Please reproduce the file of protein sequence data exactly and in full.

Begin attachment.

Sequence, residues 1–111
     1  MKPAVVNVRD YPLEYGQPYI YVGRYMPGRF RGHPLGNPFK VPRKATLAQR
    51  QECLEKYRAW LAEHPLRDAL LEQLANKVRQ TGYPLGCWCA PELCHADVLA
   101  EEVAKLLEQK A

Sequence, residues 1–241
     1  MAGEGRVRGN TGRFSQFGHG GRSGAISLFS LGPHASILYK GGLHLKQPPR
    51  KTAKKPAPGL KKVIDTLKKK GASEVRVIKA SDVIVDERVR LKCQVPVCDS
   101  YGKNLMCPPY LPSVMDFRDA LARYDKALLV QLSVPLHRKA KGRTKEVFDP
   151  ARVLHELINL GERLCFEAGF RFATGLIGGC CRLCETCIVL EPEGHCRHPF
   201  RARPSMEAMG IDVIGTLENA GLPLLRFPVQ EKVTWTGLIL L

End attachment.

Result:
Sequence, residues 1–111
     1  MKPAVVNVRD YPLEYGQPYI YVGRYMPGRF RGHPLGNPFK VPRKATLAQR
    51  QECLEKYRAW LAEHPLRDAL LEQLANKVRQ TGYPLGCWCA PELCHADVLA
   101  EEVAKLLEQK A

Sequence, residues 1–241
     1  MAGEGRVRGN TGRFSQFGHG GRSGAISLFS LGPHASILYK GGLHLKQPPR
    51  KTAKKPAPGL KKVIDTLKKK GASEVRVIKA SDVIVDERVR LKCQVPVCDS
   101  YGKNLMCPPY LPSVMDFRDA LARYDKALLV QLSVPLHRKA KGRTKEVFDP
   151  ARVLHELINL GERLCFEAGF RFATGLIGGC CRLCETCIVL EPEGHCRHPF
   201  RARPSMEAMG IDVIGTLENA GLPLLRFPVQ EKVTWTGLIL L